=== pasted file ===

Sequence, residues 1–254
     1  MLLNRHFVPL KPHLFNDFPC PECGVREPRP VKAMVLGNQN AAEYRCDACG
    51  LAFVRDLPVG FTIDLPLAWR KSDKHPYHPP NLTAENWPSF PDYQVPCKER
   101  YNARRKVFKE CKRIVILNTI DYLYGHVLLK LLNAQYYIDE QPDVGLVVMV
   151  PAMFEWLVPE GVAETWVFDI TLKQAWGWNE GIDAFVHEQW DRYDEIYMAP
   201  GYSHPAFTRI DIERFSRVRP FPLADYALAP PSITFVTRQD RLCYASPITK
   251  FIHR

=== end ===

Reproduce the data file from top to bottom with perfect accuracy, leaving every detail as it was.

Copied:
Sequence, residues 1–254
     1  MLLNRHFVPL KPHLFNDFPC PECGVREPRP VKAMVLGNQN AAEYRCDACG
    51  LAFVRDLPVG FTIDLPLAWR KSDKHPYHPP NLTAENWPSF PDYQVPCKER
   101  YNARRKVFKE CKRIVILNTI DYLYGHVLLK LLNAQYYIDE QPDVGLVVMV
   151  PAMFEWLVPE GVAETWVFDI TLKQAWGWNE GIDAFVHEQW DRYDEIYMAP
   201  GYSHPAFTRI DIERFSRVRP FPLADYALAP PSITFVTRQD RLCYASPITK
   251  FIHR